There are at least 75 noteworthy professional conferences hosted this year for journalists and journalism educators. Those are journalism-specific conferences. That number doesn’t even include conferences in related disciplines like public relations, social media, marketing, or blogging. There are hundreds of conferences a year in just this one profession, and I wish I could attend them all.
You read that correctly. I would conference all of the time if someone would pay me to do so. Sadly, I have not been able to identify that job. Also, I think my husband, children and dogs would miss me if I traveled non-stop.
I love conferences so much because I’m a nerd. I love learning. And, if you’re going to learn, it might as well be from the experts in the field.
Fortunately, I don’t actually have to attend all of these conferences to learn from them. I follow them (and their attendees) on Twitter and learn vicariously. True, virtual conference attendance isn’t the same as being there in person, but it still is an opportunity to learn and network.
As a journalist, you can learn about your craft from monitoring conference tweets. You also can help your staff learn vicariously by tweeting and encouraging them to tweet conferences they attend.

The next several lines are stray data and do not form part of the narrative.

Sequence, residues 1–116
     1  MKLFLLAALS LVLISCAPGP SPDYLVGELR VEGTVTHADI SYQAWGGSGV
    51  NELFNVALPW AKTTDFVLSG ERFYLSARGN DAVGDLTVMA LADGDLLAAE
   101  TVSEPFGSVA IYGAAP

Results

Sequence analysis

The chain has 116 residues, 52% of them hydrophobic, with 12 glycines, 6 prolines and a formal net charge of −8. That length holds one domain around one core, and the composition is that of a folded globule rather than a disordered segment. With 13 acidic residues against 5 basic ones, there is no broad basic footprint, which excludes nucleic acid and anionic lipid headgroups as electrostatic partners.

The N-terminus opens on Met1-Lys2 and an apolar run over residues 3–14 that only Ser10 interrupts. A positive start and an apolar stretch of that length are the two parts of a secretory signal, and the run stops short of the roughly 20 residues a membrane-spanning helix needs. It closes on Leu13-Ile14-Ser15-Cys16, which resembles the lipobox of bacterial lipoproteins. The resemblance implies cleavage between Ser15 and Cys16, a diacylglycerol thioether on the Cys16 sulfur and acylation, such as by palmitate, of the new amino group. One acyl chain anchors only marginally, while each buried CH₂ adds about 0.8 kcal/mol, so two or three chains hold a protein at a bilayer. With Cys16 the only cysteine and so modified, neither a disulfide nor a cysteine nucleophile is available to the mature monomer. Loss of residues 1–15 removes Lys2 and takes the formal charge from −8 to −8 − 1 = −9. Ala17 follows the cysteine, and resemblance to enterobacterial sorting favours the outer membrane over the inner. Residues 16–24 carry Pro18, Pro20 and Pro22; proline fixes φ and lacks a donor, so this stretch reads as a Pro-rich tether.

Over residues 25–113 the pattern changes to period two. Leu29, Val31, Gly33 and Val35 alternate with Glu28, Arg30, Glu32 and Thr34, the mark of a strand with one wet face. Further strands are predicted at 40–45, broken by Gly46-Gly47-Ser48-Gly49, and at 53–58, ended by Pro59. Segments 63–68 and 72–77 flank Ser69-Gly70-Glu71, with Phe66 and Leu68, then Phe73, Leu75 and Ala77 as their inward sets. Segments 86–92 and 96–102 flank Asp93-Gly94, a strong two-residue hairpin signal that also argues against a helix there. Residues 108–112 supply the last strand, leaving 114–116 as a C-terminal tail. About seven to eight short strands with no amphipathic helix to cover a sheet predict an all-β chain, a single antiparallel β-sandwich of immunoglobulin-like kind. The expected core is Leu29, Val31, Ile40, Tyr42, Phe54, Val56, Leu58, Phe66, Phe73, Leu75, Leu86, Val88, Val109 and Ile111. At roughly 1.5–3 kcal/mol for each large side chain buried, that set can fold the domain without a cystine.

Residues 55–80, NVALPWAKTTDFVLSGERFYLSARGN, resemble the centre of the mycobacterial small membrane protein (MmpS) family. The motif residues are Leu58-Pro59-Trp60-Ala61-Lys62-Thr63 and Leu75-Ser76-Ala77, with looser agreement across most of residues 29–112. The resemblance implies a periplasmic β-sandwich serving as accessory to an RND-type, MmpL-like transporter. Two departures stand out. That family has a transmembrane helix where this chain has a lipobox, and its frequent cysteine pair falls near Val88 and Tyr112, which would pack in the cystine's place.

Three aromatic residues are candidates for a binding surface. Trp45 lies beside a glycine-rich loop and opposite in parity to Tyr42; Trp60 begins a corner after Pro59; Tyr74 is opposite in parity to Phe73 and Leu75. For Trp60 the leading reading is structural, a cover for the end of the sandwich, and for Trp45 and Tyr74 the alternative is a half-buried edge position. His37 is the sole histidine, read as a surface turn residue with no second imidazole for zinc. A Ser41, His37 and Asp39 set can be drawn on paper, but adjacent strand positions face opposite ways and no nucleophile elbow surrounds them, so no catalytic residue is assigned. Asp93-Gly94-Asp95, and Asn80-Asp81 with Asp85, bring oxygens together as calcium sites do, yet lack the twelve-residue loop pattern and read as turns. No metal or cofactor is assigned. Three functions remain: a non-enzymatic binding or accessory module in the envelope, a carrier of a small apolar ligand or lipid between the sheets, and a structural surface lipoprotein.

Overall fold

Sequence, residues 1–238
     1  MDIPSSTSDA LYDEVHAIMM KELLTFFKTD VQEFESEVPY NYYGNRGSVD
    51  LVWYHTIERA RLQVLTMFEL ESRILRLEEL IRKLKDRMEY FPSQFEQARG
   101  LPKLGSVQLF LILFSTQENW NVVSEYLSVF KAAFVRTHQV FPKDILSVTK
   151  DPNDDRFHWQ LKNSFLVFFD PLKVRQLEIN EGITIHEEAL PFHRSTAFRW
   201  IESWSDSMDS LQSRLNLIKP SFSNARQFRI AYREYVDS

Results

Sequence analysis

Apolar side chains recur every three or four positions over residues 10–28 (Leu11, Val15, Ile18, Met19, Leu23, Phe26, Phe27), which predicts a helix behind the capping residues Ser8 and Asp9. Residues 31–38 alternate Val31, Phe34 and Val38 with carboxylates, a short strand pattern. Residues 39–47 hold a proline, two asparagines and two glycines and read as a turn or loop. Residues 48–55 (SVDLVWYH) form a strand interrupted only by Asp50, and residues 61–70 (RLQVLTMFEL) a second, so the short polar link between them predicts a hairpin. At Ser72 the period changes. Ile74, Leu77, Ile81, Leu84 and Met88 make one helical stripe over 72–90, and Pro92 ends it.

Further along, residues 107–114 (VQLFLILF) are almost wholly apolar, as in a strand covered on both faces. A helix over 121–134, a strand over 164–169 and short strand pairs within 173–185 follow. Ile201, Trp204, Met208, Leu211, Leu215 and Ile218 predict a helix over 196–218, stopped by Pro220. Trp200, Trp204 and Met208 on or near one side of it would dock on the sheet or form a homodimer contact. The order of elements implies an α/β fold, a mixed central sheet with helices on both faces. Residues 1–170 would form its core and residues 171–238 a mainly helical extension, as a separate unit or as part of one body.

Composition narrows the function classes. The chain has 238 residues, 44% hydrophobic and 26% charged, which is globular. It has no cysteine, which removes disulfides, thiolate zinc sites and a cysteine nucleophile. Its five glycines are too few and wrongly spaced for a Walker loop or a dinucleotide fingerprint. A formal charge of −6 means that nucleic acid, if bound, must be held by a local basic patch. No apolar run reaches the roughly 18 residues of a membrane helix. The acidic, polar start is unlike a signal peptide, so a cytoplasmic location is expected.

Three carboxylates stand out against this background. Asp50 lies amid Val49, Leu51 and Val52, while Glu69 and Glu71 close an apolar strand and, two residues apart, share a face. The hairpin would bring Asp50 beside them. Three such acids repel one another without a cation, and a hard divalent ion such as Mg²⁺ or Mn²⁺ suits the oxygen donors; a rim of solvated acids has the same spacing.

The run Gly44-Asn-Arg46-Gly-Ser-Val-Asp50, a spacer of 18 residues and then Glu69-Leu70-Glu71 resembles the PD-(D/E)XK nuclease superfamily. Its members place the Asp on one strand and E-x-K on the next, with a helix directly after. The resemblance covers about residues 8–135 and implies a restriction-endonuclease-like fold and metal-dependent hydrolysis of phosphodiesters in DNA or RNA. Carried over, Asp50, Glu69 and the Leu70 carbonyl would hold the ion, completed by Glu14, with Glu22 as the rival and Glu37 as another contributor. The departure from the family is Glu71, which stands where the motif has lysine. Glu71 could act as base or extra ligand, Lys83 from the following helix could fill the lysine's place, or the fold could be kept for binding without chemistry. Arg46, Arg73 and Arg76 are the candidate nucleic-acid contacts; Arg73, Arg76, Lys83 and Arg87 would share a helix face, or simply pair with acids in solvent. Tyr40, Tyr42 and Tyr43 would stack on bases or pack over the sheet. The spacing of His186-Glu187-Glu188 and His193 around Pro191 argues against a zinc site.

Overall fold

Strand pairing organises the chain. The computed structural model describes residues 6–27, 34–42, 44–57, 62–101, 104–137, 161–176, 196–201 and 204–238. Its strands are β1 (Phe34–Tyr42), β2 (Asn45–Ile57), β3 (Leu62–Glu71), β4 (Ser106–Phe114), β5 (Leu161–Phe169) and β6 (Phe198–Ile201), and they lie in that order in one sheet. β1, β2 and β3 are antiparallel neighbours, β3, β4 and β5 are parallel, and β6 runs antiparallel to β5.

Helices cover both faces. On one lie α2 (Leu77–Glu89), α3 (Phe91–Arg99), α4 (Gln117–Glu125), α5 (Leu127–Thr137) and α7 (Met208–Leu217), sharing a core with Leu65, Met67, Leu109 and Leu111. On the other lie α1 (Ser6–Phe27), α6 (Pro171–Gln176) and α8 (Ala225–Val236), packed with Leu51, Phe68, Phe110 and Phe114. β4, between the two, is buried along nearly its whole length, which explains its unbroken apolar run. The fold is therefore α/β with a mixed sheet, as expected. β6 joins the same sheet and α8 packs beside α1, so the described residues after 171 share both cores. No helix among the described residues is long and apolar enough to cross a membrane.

The before conference stage is all about preparation. Here are things you should do before the conference to maximize the online experience:
- Follow the official account. Many conferences set up a Twitter account just for that event. Search and see if you can find one on Twitter or listed on the conference website. Follow the official conference Twitter account, if there is one to keep from missing any conference-related announcements.
- Discover the hashtag. Most conferences today have hashtags to indicate tweets being sent about and from the conference. The hashtag should be on the conference website and other promotional materials. Use the official hashtag in all of your conference-related tweets. Also, follow it for tweets from conference organizers and other attendees.